Why doctors are challenging this Peter Dutton led law

DOCTORS launched a challenge in the High Court Wednesday to fight the Federal Government's laws that they say prevent them from speaking out about what goes on in detention centres.

Doctors for Refugees convener Dr Barri Phatarfod said under the Border Force Act workers were prevented from speaking out about what happened in detention centres and that this went against what doctors stood for.

She said doctors working with refugee and asylum seekers in detention centres and hospitals faced being jailed for two years if they disclosed information.

"As far as doctors go, we find that this law prevents us from doing our job and it also conflicts with the medical regulations that we've sworn to uphold," she said.

Those regulations included taking steps to minimise harm, avert any adverse outcomes and advocating on behalf of the patient.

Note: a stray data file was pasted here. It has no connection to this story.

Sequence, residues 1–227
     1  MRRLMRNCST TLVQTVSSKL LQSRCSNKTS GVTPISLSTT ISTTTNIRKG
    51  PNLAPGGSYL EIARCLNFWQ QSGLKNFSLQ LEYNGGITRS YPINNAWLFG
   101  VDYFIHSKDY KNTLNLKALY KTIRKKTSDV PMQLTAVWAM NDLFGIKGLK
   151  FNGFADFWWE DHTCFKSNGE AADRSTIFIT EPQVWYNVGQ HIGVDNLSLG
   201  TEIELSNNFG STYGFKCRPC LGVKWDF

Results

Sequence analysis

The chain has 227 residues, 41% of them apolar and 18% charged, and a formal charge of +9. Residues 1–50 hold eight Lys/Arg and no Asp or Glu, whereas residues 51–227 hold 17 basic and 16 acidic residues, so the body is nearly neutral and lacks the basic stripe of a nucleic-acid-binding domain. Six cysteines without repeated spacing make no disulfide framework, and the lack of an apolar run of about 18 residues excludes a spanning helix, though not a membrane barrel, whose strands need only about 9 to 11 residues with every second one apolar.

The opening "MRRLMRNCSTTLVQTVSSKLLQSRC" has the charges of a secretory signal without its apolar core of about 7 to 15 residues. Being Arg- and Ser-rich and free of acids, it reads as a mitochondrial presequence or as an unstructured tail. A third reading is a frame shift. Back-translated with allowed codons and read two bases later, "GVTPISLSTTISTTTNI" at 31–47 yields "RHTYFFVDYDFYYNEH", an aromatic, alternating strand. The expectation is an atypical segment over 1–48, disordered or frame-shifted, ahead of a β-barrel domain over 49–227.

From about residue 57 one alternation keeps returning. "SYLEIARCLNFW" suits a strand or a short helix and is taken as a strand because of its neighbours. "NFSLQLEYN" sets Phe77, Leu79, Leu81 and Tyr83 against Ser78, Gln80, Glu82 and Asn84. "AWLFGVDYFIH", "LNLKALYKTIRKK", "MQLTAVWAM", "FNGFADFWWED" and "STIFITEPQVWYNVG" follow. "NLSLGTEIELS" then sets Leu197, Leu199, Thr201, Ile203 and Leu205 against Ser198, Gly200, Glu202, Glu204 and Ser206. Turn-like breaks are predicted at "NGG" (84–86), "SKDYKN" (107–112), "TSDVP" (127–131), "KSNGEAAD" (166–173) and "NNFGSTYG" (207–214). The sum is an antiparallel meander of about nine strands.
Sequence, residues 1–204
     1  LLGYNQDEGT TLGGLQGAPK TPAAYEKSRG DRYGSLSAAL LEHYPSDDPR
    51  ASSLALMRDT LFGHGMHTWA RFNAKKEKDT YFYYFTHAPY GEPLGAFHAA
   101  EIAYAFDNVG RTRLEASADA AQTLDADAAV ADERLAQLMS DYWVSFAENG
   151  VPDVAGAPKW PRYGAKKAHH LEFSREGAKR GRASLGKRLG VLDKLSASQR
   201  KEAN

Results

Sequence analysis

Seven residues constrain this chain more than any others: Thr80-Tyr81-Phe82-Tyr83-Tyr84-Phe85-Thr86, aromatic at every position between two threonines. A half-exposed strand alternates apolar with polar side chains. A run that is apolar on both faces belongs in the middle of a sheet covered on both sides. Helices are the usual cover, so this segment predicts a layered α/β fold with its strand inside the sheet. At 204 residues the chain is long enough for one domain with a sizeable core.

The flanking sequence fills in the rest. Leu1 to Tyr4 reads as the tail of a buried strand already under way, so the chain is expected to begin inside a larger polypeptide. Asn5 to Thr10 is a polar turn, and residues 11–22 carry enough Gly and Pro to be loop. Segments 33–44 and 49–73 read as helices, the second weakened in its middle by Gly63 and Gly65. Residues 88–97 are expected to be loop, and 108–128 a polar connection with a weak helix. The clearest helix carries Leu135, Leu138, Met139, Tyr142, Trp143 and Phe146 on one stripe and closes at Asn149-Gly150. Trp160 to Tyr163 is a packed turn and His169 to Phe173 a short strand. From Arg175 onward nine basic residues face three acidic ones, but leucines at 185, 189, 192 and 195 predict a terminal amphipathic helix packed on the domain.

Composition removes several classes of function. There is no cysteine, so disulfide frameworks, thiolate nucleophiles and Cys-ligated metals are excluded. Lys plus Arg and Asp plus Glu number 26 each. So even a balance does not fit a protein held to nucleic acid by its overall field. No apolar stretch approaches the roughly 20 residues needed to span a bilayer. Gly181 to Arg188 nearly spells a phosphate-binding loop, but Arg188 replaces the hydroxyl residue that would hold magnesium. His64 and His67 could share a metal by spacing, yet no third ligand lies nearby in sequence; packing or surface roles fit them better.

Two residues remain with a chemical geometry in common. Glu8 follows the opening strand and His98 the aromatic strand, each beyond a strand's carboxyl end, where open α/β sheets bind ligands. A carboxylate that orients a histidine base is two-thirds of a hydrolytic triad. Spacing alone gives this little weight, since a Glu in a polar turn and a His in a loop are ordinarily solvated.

Fitzroy Legal Service solicitor Meghan Fitzgerald said the High Court case would be a constitutional challenge.

She said the Act allowed for exemption from penalties in some cases, including for workers who seek permission with conditions to disclose information, but that there was no public interest exemption.

Ms Fitzgerald also said these laws meant that having no credible voices about what's happening in detention centres left the public in a situation where they had little idea about their government's actions.

A spokeswoman from the Department of Immigration and Border Protection said yesterday the department had not received a High Court application.

"If an application is served it will be considered and responded to in due course," the department said in a statement.

The department also pointed to a statement Immigration and Border Protection Minister Peter Dutton made in July last year when he said the Act would not restrict anyone's ability to raise genuine concerns about conditions in detention through the appropriate channels.

Dr Phatarfod said a lot of things were going unreported because of the Border Force Act and that if the law was overturned, it would mean doctors would be free to do their job without the threat of jail.

"If this law was overturned, straight away the immediate effect would be that a lot of doctors would feel a lot better about being able to advocate for patients," she said.


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